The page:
Fujiya 1935 puts raw materials first, creating dishes rich in texture, flavor and aroma
Chef Tetsuya Fujiwara revamped a restaurant that had been in his family for four-generations —the result is Fujiya 1935. The elegant dining room is unassuming, tucked upstairs from a modest front, with muted tones and spare seating. The food, however, is anything but simple: lily root and botargo combine in a quivering flan, sea urchin and squid ink linguini carry the brine of the sea, and Hokkaido venison with mushrooms bring the scent of the forest.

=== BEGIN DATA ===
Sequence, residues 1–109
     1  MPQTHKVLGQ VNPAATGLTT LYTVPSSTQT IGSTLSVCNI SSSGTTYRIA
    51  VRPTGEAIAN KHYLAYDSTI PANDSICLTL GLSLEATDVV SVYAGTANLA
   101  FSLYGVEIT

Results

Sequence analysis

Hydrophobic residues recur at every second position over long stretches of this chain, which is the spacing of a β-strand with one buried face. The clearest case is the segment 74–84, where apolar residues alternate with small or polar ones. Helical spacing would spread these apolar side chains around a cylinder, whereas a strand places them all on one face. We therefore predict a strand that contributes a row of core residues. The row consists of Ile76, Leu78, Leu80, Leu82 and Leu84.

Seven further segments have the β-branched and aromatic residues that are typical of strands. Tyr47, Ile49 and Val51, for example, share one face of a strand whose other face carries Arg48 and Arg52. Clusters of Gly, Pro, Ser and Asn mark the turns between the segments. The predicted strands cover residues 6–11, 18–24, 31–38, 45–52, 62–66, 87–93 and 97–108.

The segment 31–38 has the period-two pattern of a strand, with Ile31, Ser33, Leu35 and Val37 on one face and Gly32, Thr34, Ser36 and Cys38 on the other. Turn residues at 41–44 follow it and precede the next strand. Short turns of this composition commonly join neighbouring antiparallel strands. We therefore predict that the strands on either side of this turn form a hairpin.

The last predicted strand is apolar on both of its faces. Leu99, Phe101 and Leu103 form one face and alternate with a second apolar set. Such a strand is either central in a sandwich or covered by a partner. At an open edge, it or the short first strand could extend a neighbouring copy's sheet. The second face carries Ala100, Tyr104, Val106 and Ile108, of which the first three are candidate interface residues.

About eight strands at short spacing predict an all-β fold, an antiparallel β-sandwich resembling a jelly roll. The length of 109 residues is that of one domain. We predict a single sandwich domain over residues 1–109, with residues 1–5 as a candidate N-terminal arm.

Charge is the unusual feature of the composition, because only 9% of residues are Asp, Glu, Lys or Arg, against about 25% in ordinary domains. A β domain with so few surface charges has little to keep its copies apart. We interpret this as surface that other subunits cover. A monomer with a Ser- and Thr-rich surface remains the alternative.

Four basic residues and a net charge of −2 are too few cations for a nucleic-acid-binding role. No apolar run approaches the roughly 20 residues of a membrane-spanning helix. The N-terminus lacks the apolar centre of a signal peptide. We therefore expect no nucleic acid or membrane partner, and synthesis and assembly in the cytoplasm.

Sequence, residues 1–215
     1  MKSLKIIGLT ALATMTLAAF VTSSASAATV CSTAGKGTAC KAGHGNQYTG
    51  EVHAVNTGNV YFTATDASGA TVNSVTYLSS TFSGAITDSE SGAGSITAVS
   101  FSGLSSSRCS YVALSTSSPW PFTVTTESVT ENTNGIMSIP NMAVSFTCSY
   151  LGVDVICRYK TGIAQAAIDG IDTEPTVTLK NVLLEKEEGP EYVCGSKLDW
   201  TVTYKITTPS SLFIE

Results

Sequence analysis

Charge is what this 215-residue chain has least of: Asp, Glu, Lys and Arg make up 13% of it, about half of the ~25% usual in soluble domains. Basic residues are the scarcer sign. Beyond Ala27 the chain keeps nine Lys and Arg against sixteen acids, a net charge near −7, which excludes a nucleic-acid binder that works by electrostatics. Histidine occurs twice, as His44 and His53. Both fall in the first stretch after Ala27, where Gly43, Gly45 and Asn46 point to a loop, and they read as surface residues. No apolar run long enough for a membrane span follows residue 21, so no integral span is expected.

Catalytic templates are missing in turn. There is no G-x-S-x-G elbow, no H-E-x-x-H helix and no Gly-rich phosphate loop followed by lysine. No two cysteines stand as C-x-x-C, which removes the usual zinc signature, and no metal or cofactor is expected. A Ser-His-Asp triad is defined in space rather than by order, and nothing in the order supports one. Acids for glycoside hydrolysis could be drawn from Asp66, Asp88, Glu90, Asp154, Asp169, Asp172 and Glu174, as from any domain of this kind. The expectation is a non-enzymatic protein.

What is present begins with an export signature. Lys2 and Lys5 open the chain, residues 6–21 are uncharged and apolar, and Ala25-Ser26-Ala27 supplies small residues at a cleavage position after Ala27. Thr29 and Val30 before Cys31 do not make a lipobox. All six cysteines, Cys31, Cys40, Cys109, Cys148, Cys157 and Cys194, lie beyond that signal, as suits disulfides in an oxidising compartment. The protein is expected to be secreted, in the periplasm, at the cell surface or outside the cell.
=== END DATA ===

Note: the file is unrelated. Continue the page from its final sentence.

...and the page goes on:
The multiple-course menu is the result of the refined, elegant cuisine Fujiwara studied in Spain under Miguel Sanchez Romero at L’Esguard, reimagined with prime Japanese ingredients. One of Fujiwara’s mottos is “materials come first.” At Fujiya 1935, this translates into carefully considered preparations, amplifying the innate beauty of the raw materials, plated beautifully. Reservations are suggested two months in advance, and it is well worth the effort to secure a place at this prestigious table.